Sunday, March 26, 2017

REVIEW: 'Feud: Bette and Joan' - Baby Jane is Released While Pauline Reveals Her Career Aspirations in 'More, or Less'

FX's Feud: Bette and Joan - Episode 1.04 "More, or Less"

On the eve of its release, bad word-of-mouth plagues Baby Jane. Bette and Joan brace for failure. Pauline tries to break gender barriers. Oscar nominations are announced.

All of the major characters of Feud were so hopeful about What Ever Happened to Baby Jane? being the film that would turn around their respective careers. There was so much optimism and hopefulness surrounding this picture. It was work that Joan, Bette and Bob believed in. Bette and Joan were willing to put aside their differences because they respected the material. They hoped it would revitalize their careers. Meanwhile, Bob believed this could be his masterpiece that would allow him to be more respected amongst his peers. And thus, it's devastating to watch as all three of them deal with their own insecurities as it comes time for the film to be released. So many expectations have been set. This film needs to be a success. And yet, everyone is hoping it will fail. Bette and Joan are breaking out of the mold and doing something that seems crazy to the people in charge of the studios. The film seems destined for failure. But it doesn't fail. It succeeds. It's on a path towards Oscar nominations. It's a hit. "More, or Less" explores what success means to all of these characters even though it doesn't really change things for them at all.

It's startling to watch Joan throughout this hour because she seems incapable of handling the success of the film. Jack Warner notes that she has a personal stake in the film and should want it to succeed. But instead, she gets hung up on all the reviews praising Bette more than her. She's a very self-centered person. So, it's very devastating that the person Hollywood has constantly pitted her against has once again bested her. This time it's more personal because they worked together. It was a grueling production. They both survived. They explored the personal depths of each other. And yet, they walked away with no larger respect for the other. In fact, there is only more resentment. Joan loves being at the top again. She welcomes people asking for her signature once more. This is the world she has always known. She loves the law of the land because it's been the environment she has spent her whole career in. She doesn't want to be the trailblazer forging a new path. This film succeeded. She hopes it leads to more offers. But it doesn't.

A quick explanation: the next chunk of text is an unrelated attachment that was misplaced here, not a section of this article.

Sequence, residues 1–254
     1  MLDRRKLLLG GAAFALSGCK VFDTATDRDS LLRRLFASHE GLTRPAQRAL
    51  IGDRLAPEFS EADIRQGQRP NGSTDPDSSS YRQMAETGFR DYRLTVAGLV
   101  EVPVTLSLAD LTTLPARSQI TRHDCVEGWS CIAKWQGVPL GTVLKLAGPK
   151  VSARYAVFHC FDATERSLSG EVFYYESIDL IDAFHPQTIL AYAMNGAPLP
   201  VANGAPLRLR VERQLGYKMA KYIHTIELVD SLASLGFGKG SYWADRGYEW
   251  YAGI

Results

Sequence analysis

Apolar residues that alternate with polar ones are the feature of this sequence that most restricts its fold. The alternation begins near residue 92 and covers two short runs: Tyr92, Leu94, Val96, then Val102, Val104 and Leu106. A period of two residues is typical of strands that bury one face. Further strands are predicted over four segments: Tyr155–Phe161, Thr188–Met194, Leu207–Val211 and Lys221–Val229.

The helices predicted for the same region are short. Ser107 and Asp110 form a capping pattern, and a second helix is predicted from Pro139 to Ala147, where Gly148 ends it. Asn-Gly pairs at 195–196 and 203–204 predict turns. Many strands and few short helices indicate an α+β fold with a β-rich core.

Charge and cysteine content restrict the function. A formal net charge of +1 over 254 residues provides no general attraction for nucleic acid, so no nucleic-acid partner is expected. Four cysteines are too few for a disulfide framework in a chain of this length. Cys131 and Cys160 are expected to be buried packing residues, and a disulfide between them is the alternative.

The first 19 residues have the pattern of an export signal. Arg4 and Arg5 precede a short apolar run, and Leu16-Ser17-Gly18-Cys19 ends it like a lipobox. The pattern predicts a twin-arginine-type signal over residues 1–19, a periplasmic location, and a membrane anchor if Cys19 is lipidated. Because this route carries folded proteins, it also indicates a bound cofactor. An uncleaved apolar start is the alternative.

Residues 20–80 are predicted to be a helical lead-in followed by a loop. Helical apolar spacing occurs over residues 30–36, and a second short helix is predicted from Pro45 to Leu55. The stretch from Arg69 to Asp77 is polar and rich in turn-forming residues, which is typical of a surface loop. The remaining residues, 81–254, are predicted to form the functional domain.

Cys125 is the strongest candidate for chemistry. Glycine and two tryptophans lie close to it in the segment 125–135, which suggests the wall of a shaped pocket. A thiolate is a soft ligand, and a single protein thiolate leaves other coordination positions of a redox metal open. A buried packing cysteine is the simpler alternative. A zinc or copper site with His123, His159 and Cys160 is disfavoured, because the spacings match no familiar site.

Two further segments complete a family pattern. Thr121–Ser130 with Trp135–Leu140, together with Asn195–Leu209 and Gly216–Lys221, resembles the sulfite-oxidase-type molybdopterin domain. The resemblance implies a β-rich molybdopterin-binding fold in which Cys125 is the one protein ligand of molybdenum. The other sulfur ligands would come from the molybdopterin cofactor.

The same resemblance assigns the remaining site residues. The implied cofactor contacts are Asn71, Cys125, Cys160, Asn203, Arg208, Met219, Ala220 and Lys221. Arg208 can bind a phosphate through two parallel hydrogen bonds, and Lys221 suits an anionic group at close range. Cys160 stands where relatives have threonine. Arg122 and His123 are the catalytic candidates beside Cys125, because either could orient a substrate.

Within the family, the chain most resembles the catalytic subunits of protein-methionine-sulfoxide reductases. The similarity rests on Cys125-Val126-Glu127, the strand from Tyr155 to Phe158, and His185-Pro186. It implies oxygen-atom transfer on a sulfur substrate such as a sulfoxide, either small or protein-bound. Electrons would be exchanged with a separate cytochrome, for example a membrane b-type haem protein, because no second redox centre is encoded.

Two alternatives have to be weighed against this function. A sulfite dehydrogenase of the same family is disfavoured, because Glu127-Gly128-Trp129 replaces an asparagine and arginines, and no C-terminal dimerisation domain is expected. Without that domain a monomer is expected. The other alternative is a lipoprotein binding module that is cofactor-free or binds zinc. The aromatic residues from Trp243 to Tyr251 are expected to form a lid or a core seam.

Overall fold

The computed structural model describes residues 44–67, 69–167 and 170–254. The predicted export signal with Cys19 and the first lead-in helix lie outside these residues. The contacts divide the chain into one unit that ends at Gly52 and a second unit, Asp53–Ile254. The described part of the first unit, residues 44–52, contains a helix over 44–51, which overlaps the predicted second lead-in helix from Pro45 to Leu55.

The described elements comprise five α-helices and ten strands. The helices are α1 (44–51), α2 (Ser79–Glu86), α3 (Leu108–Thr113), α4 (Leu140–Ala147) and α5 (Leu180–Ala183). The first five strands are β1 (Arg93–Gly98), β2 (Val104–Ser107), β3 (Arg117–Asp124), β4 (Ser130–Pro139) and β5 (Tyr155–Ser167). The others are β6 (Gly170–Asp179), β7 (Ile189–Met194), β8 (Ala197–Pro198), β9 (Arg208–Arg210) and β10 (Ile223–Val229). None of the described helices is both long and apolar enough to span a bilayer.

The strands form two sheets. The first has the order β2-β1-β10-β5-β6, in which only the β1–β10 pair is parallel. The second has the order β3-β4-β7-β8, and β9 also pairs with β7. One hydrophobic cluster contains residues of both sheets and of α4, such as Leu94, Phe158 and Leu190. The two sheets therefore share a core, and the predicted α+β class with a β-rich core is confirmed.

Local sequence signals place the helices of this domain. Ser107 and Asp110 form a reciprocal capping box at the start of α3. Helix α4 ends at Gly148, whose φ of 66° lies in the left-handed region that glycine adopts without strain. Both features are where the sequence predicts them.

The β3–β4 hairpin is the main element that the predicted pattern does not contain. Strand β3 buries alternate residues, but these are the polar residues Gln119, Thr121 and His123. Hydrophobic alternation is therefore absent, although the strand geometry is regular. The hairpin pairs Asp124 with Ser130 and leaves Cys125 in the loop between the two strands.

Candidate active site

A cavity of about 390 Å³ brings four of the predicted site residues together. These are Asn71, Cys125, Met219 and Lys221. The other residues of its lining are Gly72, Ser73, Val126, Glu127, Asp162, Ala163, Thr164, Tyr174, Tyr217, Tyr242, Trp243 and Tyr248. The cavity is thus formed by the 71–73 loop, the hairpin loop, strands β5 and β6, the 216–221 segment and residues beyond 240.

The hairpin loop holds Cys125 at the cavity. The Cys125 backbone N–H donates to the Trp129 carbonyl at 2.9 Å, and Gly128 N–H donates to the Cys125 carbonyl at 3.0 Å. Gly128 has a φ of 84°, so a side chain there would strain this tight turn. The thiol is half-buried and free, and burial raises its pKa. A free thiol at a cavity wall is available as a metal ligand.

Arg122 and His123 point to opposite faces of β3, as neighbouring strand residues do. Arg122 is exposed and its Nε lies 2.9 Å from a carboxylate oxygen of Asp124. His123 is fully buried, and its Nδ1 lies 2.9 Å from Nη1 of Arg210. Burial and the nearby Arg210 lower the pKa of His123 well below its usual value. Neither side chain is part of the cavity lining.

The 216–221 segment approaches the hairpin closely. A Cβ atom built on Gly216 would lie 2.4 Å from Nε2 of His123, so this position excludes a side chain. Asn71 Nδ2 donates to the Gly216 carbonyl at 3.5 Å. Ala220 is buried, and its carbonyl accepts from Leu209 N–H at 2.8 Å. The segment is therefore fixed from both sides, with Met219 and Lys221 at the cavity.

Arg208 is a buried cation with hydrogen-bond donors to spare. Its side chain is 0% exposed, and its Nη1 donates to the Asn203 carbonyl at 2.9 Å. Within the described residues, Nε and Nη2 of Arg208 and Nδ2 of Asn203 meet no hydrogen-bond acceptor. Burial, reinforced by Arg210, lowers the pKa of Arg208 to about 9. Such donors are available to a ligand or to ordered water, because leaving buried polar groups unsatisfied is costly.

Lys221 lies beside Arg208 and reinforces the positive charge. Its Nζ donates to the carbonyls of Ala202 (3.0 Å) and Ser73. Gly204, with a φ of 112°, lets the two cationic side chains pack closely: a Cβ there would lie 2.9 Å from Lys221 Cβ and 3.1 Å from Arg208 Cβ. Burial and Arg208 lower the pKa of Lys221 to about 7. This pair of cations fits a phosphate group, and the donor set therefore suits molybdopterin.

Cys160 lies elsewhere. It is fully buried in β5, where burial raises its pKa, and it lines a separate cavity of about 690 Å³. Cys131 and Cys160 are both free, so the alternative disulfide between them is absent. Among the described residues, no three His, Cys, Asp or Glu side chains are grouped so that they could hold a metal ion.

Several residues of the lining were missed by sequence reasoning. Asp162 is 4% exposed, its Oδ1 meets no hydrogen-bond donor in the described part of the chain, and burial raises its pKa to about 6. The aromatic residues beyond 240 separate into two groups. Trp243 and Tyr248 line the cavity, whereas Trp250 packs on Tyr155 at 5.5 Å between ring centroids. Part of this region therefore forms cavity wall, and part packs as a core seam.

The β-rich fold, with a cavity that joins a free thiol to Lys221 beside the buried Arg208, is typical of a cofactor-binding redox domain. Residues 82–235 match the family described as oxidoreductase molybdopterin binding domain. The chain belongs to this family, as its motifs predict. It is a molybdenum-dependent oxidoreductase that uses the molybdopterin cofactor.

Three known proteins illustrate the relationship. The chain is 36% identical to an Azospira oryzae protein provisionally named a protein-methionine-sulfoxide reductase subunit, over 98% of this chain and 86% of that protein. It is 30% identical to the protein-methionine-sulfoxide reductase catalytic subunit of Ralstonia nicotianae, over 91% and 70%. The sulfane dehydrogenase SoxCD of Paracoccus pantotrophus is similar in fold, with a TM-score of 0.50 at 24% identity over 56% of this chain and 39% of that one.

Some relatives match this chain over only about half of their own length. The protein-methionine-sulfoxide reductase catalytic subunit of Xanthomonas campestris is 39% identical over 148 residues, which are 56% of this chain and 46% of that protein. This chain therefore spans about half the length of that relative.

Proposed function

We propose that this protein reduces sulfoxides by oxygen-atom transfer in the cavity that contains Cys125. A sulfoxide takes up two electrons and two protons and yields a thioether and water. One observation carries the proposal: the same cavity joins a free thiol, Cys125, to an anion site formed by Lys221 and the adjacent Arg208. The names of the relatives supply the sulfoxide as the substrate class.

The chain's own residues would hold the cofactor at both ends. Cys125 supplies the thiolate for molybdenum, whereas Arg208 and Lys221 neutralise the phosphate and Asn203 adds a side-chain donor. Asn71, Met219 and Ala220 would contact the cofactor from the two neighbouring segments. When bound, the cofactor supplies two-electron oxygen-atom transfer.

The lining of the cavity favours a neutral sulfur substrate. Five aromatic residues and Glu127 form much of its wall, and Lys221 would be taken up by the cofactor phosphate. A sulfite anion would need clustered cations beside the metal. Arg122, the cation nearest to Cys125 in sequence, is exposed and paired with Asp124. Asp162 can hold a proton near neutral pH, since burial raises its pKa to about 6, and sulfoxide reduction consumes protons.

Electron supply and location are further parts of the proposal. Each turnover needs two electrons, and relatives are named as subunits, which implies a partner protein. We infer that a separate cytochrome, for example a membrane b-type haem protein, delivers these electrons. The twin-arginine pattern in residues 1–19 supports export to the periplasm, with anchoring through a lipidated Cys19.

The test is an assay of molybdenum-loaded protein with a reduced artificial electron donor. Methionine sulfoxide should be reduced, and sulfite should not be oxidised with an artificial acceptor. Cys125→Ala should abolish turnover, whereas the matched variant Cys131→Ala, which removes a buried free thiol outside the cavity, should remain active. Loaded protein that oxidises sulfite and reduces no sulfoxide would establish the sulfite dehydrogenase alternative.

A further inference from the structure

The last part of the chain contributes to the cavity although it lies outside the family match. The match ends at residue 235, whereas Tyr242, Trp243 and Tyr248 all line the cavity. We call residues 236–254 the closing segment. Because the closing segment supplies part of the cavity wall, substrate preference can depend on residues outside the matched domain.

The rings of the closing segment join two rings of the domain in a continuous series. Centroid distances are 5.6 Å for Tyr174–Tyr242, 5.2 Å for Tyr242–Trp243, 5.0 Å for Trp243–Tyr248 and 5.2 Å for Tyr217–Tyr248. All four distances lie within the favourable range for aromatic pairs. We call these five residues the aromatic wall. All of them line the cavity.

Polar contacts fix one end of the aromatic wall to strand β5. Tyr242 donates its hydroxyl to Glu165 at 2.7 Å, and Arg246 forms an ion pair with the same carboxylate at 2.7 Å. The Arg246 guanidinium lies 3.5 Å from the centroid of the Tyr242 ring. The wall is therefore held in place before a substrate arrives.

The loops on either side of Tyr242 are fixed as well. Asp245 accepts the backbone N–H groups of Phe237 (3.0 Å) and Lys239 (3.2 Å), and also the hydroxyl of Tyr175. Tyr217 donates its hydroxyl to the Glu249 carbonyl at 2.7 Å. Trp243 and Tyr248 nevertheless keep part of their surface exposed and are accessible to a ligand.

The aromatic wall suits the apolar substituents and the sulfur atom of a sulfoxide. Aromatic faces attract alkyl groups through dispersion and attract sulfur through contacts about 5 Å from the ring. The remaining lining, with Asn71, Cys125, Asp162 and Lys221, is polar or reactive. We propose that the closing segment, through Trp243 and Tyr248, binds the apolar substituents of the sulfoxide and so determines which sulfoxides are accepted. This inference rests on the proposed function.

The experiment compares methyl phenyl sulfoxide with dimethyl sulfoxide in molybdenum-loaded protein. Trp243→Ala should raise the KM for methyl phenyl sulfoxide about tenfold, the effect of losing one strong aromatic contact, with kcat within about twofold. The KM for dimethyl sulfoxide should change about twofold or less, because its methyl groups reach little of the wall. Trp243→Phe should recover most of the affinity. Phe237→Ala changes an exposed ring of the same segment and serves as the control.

The same is also true of Bette. Both she and Joan went in to their respective agencies looking to field numerous offers. And yet, they don't have a single one. It's depressing. Bette even takes out an ad looking for work. However, Bette knows how to appreciate success better than Joan. With Joan, she spirals into alcoholism because she's not the one getting all of the attention. She sees Bette perform on variety shows and make passive aggressive comments on talk shows and gets furious. Meanwhile, Bette loves the attention. It's still not leading to any big roles in films. But she's willing to put in the work no matter where it is. She's a prominent fixture on television now. She's doing several variety shows as well as a guest spot on Perry Mason. She's turning the film's success into something even though it's not as glamorous or rewarding as she would hope. She too fears that this is it. And even when she finds a new film script she likes, she no longer has the support of Bob. He too has become a man who believes it isn't wise for people to repeat themselves even when those opportunities are plentiful.